It was inspired by a missing woman. In 2004, 24-year-old Tamika Huston vanished from her home in Spartanburg, SC. It wasn’t widespread news coverage of the case that caught Natalie and Derrica Wilson’s attention. Just the opposite – the fact that the case received such little media attention inspired them to act. The sister-in-law duo decided to put their professional expertise in public relations and law enforcement to work to launch the Black & Missing Foundation, Inc (BAMFI).
With more than 240,000 people of color reported missing every year, thousands of people like Tamika Huston are never given a voice, platform or visibility to be found. Although media coverage has historically focused on blonde, blue-eyed female victims, more than 40% of all those missing in the U.S. are people of color. That’s why BAMFI is grounded in a mission to bring awareness to missing people of color, to educate the minority community on personal safety, and to provide vital resources to their family and friends. BAMFI also utilizes a variety of media platforms including print, television, radio and social media to help locate missing persons. Natalie and Derrica’s work is helping to level the playing field so that more cases of missing persons of color can be solved.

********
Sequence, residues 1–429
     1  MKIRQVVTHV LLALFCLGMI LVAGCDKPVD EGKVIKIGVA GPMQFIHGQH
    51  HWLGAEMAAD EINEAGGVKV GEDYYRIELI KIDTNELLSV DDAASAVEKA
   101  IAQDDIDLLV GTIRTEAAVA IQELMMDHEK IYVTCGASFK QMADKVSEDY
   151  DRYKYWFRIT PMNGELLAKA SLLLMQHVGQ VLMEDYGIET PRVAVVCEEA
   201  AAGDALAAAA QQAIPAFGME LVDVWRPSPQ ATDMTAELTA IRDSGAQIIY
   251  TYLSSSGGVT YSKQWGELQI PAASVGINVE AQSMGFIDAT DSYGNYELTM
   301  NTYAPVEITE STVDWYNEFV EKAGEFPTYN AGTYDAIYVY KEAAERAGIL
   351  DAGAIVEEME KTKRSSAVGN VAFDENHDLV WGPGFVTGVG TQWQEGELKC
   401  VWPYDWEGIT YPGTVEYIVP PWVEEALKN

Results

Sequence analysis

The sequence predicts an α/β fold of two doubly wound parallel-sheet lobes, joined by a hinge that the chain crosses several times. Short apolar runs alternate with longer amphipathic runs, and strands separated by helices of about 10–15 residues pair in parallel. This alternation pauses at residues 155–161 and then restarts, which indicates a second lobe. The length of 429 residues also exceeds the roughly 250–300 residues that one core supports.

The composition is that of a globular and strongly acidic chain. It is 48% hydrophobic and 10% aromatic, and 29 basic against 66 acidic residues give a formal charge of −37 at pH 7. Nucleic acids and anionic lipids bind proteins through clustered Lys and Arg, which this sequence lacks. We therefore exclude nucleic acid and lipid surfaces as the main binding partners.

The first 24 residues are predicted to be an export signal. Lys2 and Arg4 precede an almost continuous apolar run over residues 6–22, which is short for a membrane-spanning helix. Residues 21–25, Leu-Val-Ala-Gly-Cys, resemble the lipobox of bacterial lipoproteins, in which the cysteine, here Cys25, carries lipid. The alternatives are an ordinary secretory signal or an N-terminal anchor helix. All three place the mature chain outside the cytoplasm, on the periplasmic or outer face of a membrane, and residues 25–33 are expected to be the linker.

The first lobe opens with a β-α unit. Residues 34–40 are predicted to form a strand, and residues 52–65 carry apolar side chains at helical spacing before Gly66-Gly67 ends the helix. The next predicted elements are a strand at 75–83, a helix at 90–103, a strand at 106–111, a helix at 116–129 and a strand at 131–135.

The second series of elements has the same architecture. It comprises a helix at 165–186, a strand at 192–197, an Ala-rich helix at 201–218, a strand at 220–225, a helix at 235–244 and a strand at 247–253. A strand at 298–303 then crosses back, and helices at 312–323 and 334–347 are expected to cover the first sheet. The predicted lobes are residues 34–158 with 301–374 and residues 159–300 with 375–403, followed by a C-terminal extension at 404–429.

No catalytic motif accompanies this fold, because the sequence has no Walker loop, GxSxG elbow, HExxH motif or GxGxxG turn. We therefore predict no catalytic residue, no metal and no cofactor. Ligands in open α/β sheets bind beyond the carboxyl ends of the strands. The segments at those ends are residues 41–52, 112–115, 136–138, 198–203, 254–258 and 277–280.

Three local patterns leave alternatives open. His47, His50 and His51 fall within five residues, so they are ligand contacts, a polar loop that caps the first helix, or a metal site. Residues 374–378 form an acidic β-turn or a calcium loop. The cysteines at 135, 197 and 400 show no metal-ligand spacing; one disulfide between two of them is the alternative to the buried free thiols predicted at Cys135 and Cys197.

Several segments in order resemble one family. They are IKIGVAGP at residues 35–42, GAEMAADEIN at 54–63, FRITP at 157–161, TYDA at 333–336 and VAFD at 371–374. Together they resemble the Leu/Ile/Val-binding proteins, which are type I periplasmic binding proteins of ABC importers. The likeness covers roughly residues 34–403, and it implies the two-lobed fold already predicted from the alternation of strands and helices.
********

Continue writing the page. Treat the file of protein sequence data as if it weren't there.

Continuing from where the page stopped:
For close to 14 years, we have been sounding the alarm on the issue of missing persons of color around the country. This recognition not only puts a spotlight on our tireless efforts, but highlights this issue on a national level. It allows us to continue to support families desperately searching for their missing loved ones through renewed awareness and financial support.